The Hong Kong economy continued to improve, albeit at a slow pace due to weaker exports.1 The unemployment rate fell further to 4.1% in the June to August period.2 This aligned with the improving economy, easing of social distancing measures, and launching of the government’s Phase II Consumption Voucher Scheme and “0+3” quarantine policy (announced in late Sept.) which stimulated a surge in online searchers for flights and hotels on some travel sites.3
Consumer sentiment in TransUnion’s Consumer Pulse Study remained relatively upbeat amid a weakening local epidemic and further relaxing of social distancing measures.
In light of the improved employment situations, more consumers reported either the same or increased income in the past three months, with a higher percentage of respondents expecting the same or growing income in the next 12 months.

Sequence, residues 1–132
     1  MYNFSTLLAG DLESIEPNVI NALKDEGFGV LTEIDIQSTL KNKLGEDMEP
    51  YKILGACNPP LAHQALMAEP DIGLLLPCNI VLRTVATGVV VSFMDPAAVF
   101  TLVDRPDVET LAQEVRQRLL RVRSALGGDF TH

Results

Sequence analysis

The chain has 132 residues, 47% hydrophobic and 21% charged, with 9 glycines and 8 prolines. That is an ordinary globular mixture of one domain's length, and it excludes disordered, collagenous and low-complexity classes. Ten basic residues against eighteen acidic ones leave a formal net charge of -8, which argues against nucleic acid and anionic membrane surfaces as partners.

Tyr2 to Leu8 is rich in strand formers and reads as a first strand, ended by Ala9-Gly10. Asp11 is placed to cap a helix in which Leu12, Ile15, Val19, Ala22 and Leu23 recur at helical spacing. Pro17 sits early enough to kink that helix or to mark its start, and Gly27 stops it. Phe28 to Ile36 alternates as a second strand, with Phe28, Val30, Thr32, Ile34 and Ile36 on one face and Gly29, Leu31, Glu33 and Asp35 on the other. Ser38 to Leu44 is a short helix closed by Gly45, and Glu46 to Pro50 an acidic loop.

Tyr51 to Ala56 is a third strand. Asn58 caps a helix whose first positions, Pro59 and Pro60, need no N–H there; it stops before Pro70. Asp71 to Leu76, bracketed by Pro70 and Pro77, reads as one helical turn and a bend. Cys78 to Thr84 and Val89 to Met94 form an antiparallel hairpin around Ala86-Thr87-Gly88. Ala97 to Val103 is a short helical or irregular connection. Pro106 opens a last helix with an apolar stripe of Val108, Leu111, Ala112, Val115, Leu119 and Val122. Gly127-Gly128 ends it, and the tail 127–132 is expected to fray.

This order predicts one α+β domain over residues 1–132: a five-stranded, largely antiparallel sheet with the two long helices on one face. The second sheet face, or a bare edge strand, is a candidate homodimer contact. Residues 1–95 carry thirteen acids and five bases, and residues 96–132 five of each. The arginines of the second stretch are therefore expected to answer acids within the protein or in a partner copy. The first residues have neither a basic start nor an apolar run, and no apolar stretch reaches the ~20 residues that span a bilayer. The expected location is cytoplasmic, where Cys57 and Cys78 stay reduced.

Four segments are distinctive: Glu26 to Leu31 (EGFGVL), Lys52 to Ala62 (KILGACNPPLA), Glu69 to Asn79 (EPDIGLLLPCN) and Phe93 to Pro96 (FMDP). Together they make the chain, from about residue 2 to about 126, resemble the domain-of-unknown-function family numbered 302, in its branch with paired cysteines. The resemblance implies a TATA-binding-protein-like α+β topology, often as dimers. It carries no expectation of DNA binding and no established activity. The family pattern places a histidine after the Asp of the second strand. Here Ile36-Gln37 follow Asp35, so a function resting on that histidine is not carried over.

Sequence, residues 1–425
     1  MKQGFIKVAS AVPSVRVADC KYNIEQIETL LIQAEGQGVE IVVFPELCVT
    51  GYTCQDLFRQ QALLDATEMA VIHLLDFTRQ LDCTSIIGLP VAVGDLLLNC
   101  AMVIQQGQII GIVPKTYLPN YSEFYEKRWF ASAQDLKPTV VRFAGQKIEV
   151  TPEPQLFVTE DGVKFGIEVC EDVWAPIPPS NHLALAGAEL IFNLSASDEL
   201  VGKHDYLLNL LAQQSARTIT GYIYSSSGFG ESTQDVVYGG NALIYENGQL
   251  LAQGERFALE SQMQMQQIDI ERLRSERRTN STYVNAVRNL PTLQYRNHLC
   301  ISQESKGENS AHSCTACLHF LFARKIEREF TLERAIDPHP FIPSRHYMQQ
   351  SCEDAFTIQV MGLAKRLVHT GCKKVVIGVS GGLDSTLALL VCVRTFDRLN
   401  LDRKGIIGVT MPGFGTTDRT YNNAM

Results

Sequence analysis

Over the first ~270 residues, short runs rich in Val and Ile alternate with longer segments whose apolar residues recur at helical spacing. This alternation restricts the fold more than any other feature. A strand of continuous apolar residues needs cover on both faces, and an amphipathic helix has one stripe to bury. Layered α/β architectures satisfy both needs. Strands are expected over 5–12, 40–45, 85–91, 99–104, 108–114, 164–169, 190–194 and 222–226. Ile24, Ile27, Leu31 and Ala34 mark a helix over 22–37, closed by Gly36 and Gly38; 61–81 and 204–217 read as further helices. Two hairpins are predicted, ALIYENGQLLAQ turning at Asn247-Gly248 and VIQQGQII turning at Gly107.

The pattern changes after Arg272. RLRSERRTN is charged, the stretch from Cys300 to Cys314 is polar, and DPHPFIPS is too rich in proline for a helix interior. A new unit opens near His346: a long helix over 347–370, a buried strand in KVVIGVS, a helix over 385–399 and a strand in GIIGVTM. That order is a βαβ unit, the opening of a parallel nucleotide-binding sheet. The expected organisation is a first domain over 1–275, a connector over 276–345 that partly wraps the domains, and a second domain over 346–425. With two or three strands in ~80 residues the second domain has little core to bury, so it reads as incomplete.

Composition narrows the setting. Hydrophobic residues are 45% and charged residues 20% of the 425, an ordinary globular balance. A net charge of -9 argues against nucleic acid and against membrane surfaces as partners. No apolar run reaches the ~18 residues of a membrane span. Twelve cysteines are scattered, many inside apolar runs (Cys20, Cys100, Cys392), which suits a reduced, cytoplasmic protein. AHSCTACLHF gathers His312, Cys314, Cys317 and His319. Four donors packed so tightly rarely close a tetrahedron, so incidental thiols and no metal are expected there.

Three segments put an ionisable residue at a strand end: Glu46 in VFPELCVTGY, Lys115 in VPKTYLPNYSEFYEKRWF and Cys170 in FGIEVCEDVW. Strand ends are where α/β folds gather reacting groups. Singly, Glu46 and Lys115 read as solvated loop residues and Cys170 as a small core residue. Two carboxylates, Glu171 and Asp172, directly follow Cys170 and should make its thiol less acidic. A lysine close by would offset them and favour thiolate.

Looking forward, economic activities should continue to improve (assuming the continuation of the weakening local epidemic situation), increasing consumption demand supported by the Consumption Voucher Scheme, and increasing spending and credit card activities stimulated by the ‘0+3’ quarantine policy. However, without cross-border trade between the Mainland and Hong Kong, the Hong Kong Special Administrative Region’s export performance is expected to be depressed by a worsening external environment over the remainder of the year. Tighter financial conditions may also have some dampening effects on consumer sentiment and spending.
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